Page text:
The Cathedral of St. Philip - Atlanta, GA

The Sabbath That Heals

A sermon by the Rev. Canon Lauren Holder
Proper 16 – Year C


I wonder which scripture passage about sabbath spoke to you today. Did you notice that both Isaiah and Luke address keeping the sabbath? 

I especially love the poetic language of Isaiah: “If you refrain from trampling the sabbath…if you call the sabbath a delight…if you honor it, not going your own ways…then you shall take delight in the Lord, and I will make you ride upon the heights of the earth.”

To my ears, that description of sabbath is like a cool glass of water on a hot Georgia day. I want to take it in slowly, letting the icy calm liquid linger on my lips, in my mouth, down my throat. I may even raise the chilled glass to my face, letting the droplets wet my cheek. Couple that with a gentle breeze and a chorus of cicadas, and that’s pretty much how I feel about Isaiah’s description of sabbath. It is something to savor.

And I don’t want to miss what Isaiah says right before this description—really the whole of Isaiah 58 is a text worthy of printing out and taping to your mirror. It is a passage we would do well to read again, and again, and again as a lesson on how to be in right relationship with God and one another. 

But where our passage picks up today in verse 9, the prophet tells us that if we care for one another and let God care for us, then we will be, “like a watered garden, like a spring of water, whose waters never fail.” He says you will be rebuilt and raised up, and you will be one who repairs and restores. You will be called the repairer of the breach! Oh my goodness! How we need breach repairers in this day and age!

And yet to be people who restore and repair broken relationships and a broken world, we must slow down and yield to God’s restoration of us. We cannot do what we are called to do if we don’t take time to listen to and learn from the one calling us. Our good intentions and intelligent minds and go-getter attitude will not be enough. We need rest. Like the God who so lovingly created us and then rested, we need rest. Because we are created in the image of God, if we want to truly be that image of God in the world, we need rest. We need sabbath rest.

As much as I know this truth in my core, as much as I love this truth and love to read about it, teach about it, ponder it, create space for it in our community of faith—I really struggle with sabbath. For me, sabbath is just as elusive as it is important. For that reason, I also resonate with our Gospel passage today. Just like the frustrated leader of the synagogue proclaiming to everyone gathered—you’re doing it wrong! You’re getting the sabbath all wrong! I often beat myself up for getting sabbath wrong—for failing to practice the very thing I cherish. 

It’s not that I think other things are more important than sabbath rest with God. It’s just that it’s easier to let myself down, or even let God down, than it is to let others down. And so I feel like the hypocrite Jesus calls out—the hypocrite who praises sabbath with all sincerity, but then fails to see the sabbath blessing of Jesus offering restoration and wholeness right there in front of him.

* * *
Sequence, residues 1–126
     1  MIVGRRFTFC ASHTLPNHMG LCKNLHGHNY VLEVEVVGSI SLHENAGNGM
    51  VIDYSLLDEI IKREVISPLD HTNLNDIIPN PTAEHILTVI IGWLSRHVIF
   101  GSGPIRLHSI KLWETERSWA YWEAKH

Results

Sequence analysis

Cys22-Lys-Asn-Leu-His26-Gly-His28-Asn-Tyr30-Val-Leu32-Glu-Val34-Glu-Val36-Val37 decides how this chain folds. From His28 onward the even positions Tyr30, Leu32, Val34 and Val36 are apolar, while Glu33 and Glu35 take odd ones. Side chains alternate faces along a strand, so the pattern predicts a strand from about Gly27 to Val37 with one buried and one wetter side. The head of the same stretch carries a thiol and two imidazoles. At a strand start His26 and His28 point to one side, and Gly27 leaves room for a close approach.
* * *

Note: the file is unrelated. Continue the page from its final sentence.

You see, Jesus doesn’t heal the bent over woman instead of honoring the sabbath. He doesn’t say, sabbath is important but healing this woman is more important. Instead, Jesus teaches us what sabbath is by calling the woman over, extending his hands, touching her, and restoring her to new life. Sabbath is God’s way of restoring us. Sabbath is Jesus calling us to himself, hoping we will slow down long enough to let God touch us and heal us, so that we can stand upright in the image of God once again.

Friends, we need rest. Not just because we are tired, which I’m guessing many of you are. We need rest because we need Jesus. To refuse sabbath rest is to refuse Jesus. And I don’t say that to condemn anyone for getting sabbath wrong. I say it simply in the hope that you will see this invitation to let God love you and let God heal you.

My favorite book on Sabbath (which I happen to be re-reading right now because these are lessons I need to learn again, and again and again) is written by minister and therapist Wayne Muller. He says: “If we forget to rest we will work too hard and forget our more tender mercies, forget those we love, forget our children and our natural wonder. God says: Please don’t. It is a waste of a tremendous gift I have given you. If you knew the value of your life, you would not waste a single breath. So I give you this commandment—as important as not stealing, not murdering, not lying. Remember to play and bless and make love and eat with those you love, and take comfort, easy and long, in this gift of sacred rest.”

Sabbath is sacred rest. It is not taking more naps, though naps can certainly contribute—it is resting in the presence of God. Sacred rest is resting in the awareness that God loves you.

What is it that is weighing you down? What has you bent over, unable to stand up in the fullness of who you are? Some of our burdens are things we’d like to cast off, but it’s also true that some of our burdens are a sincere labor of love. 

I know that when there is so much to carry, so much on the line, it can be especially difficult to stop moving—much less set your precious burdens down. And yet I can assure you that if you do slow down and allow yourself to rest in the presence of God, the burdens you want or need to carry will still be there waiting for you, only now you’ll have more strength for the journey.

Jesus saw the woman. And Jesus sees you too. Will you listen when he calls you over? I hope you will. I hope I will. Because you and I were created to be like a watered garden. You and I were created to be repairers of the breach. And you and I need sabbath rest alongside a God who rests, and who heals us in resting.